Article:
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The Meinertzhagen Mystery: The Life and Legend of a Colossal Fraud Hardcover – Jan 1 2007

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Product Details

  • Hardcover: 386 pages
  • Publisher: Potomac Books; 1 edition (Jan. 1 2007)
  • Language: English
  • ISBN-10: 1597970417
  • ISBN-13: 978-1597970419
  • Product Dimensions: 23.4 x 16.3 x 3.9 cm
  • Shipping Weight: 680 g
  • Average Customer Review: 4.0 out of 5 stars  See all reviews (1 customer review)
  • Amazon Bestsellers Rank: #2,040,170 in Books (See Top 100 in Books)

Product Description



About the Author

. He lives in Studio City, California.

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Format: Kindle Edition
More mythmaking

For instance, Ian Fleming named many people as the inspiration for Bond. But in the reviews here we have the new myth it was only or largely Meinerthagen. This is how it starts or goes. People are not reliable in their memories or much else. Attempts to revise history at a much later date may be scholarship (if done by actual scholars), but lacking the fact of being there or even alive at the time, is almost insurmountable. Then you have in this case a personality with many enemies.

I was in a plane crash, and travelled a great distance to see the reading of the subsequent report. It bore no resemblance to the event as it was experienced by the survivors. Some of the report was clearly wrong, and some of it was probably right. Neither perspective is absolute. We got hugely knocked about and exited the plane in the dark under morphine. But the reconstructors only had the evidence that actually existed to base their conclusions on. On top of that there were several biases inevitably. It is far wiser to believe nothing and draw no conclusions, nor bear false witness when you weren't even there.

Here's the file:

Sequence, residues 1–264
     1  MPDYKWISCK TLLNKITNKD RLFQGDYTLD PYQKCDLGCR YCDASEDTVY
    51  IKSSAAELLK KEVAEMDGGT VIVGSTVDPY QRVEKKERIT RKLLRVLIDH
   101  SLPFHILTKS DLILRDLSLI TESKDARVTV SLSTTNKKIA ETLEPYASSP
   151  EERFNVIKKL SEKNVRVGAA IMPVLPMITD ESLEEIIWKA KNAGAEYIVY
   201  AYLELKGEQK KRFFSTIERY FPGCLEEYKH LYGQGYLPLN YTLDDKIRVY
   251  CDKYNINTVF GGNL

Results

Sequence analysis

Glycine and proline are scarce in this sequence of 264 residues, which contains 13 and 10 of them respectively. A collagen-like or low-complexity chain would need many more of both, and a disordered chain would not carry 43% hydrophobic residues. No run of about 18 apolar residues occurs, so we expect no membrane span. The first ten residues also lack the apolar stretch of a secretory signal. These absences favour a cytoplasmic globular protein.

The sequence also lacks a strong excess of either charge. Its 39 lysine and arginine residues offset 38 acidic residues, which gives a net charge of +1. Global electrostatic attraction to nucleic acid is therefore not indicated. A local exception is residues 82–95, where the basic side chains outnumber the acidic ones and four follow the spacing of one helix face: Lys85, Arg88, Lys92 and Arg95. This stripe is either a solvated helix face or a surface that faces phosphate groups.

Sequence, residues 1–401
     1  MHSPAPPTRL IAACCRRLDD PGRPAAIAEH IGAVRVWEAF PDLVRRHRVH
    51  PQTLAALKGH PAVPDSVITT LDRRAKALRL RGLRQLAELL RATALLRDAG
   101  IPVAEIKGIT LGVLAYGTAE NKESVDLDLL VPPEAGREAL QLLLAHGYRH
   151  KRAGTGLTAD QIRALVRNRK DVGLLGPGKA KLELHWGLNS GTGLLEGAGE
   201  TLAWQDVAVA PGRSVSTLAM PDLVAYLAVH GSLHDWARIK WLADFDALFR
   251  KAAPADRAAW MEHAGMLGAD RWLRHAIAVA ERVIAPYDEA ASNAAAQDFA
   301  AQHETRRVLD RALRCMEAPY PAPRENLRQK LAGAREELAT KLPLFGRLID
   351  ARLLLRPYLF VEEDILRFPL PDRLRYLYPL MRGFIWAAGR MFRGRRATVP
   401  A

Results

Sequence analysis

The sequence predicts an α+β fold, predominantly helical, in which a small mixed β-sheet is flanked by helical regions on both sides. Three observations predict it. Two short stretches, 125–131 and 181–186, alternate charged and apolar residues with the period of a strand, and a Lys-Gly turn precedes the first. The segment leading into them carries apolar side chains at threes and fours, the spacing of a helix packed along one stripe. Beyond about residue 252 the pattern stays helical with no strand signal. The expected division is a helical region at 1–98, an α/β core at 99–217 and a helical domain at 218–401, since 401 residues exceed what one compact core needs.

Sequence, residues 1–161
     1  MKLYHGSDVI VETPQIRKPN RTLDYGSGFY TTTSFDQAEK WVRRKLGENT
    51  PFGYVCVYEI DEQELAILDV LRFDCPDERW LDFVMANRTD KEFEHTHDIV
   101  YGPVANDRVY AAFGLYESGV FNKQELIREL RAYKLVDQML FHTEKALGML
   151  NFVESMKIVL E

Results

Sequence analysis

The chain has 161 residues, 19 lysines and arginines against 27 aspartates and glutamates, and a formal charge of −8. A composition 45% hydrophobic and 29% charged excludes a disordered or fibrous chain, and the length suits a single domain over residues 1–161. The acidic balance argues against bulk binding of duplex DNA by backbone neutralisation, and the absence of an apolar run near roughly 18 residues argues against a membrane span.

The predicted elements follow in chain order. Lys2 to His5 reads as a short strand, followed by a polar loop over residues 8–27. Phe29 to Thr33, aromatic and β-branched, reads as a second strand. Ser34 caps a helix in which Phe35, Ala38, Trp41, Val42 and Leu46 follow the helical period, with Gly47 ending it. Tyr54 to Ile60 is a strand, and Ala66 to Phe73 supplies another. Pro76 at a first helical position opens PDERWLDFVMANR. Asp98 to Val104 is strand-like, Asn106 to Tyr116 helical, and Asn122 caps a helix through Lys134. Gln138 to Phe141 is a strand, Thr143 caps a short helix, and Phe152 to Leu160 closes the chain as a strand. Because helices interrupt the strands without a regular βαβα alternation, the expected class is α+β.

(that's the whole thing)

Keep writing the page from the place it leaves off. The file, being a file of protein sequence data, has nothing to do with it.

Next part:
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Most Helpful Customer Reviews on (beta) 12 reviews
16 of 17 people found the following review helpful
A Man who Life wasn't Big Enough to Hold July 19 2007
By Grey Wolffe - Published on
Format: Hardcover
Richard Meinertzhagen was a military hero, explorer, spy, friend of Israel, diarist, world renown Ornithologist and prevaricator. Unlike most people, he reveled in the lies that he told and the reactions of those he told them to. He left an 82 volume library of his 'life', much of which was wishful thinking or down right false, but like Dr.Goebbels he believed that if you tell "The Big Lie" forceful enough and long enough, people will begin to believe.

Why would a man who was respected as a world class ornithologist, get himself barred from the British Museum for stealing? Was it for the notoriety? Having re-written his diaries (in some cases many times) and destroying all the previous versions, did he want to be caught after his death? Like publicity, being remembered, whether for good or bad, is still being remembered.